I’m so glad to know that Charlotte Perkins Gilman survived her own postpartum depression, and thrived, because she told the men in her life to fuck off with their nonsense. I’m glad she took up the forbidden pen and wrote powerful stories for the rest of her days. I only wish my 1000 Page Book of Stories had introduced me to this remarkable woman.

But in a way, I’m glad I got to navigate this story without knowing its whys and wherefores. I’m glad it got a chance to seriously disturb me in inexplicable ways, and thus stay with me after all the other stories have gone.

And someday, I shall pass this story down to other girls, for the strange beauty of it, and for Charlotte, and for those of us who must still fight to break free from the pretty prisons we’re placed in.

We have always fought, I will tell them. Even when almost all power was taken from us, we still found ways to reclaim our power. We have always been far stronger than they’d like us to believe.

And isn’t that a thought to make the Johns of every age faint dead away?

Image is a black and white photo of a woman standing above a crowd of women and men on a city street. A quote from Charlotte Perkins Gilman is superposed: "Here she comes, running out of prison and off the pedestal; chains off, crown off, halo off, just a live woman."

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My Terrifying Introduction to Feminism and Patriarchy: The Yellow Wallpaper

12 thoughts on “My Terrifying Introduction to Feminism and Patriarchy: The Yellow Wallpaper

  1. rq
    2

    I hadn’t read this story. Thank you for pointing me toward it. I love (am creeped out by, but love) the ambiguity as to who has been peeling the paper (initially) and who has been biting the bed (initially) and other similar ambiguities… There’s an increasing sense of dissociation throughout the story (for me). Definitely creepy.
    Yep, her husband is an asshole. Also contradicts himself (no renovations in the bedroom! we can paint the cellar instead!).
    Yep, her brother is, too.
    I am not, however, as confident that John would agree there’s a problem at the end, there. No, scratch that – he would agree, but I’m afraid the idea of his proposed treatments rather terrifies me. I don’t think he would see her condition as a fault in his own actions, but rather her inability to get herself together, and would only prescribe even less stimulus and perhaps a more controlled situation.
    Something about it reminded me of The Turn of the Screw, but I think that’s more due to tone and language than subject matter.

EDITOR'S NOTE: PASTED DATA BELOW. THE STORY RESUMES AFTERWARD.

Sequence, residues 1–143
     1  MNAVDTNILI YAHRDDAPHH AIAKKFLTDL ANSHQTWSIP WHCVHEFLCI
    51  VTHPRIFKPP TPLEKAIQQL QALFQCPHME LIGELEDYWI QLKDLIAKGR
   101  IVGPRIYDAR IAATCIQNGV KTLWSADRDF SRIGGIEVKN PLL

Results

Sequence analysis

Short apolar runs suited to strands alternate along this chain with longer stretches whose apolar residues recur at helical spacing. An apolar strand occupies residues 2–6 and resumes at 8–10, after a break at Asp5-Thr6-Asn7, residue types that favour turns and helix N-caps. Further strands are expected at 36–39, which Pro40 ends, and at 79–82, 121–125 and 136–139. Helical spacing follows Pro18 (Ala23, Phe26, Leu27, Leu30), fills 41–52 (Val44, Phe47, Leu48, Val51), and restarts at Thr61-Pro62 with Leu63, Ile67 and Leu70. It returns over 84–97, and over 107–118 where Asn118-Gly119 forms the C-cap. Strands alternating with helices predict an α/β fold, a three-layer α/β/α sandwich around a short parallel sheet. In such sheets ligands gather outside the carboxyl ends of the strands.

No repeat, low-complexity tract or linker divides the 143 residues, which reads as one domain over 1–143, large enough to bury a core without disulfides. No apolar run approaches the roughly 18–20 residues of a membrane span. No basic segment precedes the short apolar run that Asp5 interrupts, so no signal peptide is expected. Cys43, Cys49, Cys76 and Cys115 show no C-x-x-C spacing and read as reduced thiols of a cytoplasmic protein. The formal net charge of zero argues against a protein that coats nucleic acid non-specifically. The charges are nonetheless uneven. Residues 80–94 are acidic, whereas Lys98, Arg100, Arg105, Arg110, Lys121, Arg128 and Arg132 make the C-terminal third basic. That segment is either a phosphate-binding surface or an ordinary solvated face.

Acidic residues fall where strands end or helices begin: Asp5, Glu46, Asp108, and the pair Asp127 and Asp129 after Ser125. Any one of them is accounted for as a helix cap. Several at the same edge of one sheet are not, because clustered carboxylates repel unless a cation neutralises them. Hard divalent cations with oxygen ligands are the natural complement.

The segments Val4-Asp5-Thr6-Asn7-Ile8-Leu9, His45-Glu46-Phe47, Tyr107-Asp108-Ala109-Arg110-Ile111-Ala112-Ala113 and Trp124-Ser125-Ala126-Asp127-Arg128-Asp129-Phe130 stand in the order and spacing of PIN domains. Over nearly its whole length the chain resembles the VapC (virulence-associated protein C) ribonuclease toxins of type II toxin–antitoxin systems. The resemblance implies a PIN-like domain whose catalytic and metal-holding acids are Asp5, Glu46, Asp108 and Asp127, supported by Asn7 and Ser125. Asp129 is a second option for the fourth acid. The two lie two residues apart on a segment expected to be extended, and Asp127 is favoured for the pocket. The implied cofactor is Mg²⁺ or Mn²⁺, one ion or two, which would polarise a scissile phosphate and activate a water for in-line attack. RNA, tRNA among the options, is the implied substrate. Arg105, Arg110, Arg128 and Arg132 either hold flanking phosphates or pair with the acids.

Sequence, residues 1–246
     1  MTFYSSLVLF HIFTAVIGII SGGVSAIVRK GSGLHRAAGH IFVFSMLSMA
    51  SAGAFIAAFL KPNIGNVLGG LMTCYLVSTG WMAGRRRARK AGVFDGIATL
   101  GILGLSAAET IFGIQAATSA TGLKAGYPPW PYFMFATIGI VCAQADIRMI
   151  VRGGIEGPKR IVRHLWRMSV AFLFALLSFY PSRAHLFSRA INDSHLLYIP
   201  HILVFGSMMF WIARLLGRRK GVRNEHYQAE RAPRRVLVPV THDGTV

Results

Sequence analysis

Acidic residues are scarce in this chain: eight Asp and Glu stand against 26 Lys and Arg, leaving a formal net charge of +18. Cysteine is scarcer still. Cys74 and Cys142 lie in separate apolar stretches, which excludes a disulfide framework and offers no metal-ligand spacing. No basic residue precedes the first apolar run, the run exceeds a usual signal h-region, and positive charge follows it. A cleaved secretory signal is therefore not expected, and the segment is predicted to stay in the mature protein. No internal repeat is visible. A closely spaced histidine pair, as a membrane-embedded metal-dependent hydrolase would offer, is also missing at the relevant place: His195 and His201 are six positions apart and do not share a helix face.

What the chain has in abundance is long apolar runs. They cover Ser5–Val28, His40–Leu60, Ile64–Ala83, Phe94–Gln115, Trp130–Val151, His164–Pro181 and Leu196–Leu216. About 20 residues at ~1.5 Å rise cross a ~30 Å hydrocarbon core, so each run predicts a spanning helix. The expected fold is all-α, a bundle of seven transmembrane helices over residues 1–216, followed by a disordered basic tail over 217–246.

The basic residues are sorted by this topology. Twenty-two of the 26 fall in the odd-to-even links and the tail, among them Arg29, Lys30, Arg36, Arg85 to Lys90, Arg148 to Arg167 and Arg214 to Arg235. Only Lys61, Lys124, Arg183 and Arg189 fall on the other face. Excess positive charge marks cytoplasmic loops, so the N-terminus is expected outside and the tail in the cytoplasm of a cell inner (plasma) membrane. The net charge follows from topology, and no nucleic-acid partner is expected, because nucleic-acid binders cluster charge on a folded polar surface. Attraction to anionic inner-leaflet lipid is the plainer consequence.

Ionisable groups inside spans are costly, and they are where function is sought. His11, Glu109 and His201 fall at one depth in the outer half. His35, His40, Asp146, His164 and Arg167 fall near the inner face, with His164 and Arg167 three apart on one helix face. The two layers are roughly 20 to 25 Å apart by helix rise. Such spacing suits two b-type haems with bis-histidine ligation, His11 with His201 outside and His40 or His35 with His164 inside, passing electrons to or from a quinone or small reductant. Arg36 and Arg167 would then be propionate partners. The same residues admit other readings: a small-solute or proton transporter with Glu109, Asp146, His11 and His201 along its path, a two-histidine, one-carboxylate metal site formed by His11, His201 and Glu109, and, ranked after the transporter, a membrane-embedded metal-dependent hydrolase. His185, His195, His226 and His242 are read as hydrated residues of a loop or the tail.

Anyway. Good story. Way to creep me out. :) And a massive hat-tip to Gilman, before I forget to mention her at all. What an amazing person.

  2. 3

    Fifthly, nobody in this story (and in this time period, really) was set up to deal with postpartum depression and psychosis. Nobody ever thought to listen to women, who knew that enforced idleness was often making their conditions worse, and that the fucking wallpaper was exacerbating the problem. No wonder women often came across as hysterical to those dudes

    That’s why I don’t even see her husband and brother as assholes. They simply cannot comprehend. Their whole “scientific” (for their time) worldview lacks the possibility of dealing with her and her depression.
    To me it demonstrates again how systems of oppression don’t work by some evil white men sitting together in secluded rooms thinking about how they can make life worse for everyone who is not like them. Sure, those people actually do exist, think Wannseekonferenz or the Koch Brothers or the Wedge document, but they’d be powerless if it weren’t for the millions and millions of well intentioned Johns out there who do the actual work.
    I think her husband cares, he’s doing the best he can, and that is the actual problem: the best he can is to actively make matters worse.

  3. 5

    Yes, a lot of my students, the first time they read the story, think the woman in the wallpaper is real, and that this is sort of a ghost story. It’s much, much scarier when you realize there’s nothing supernatural going on at all.

    Except…

    There are several clues in the story that there’s something creepy about the room. She thinks it was a gymnasium for children — bars on the window, rings on the walls, the bed bolted to the floor, and of course that scratched-up wallpaper.

    But if you’re familiar with the “madwoman in the attic,” trope, it all suddenly makes a lot more sense. The narrator isn’t the first woman who’s been confined in this room. Since the Victorian solution to mental illness among the upper and middle classes was “lock her up and drop in a tray of food once a day” a la Mrs. Rochester, this was a very real possibility. It’s also possible, or probable, that what she’s seeing here is her own future — she’ll be confined with and by the wallpaper for the rest of her life.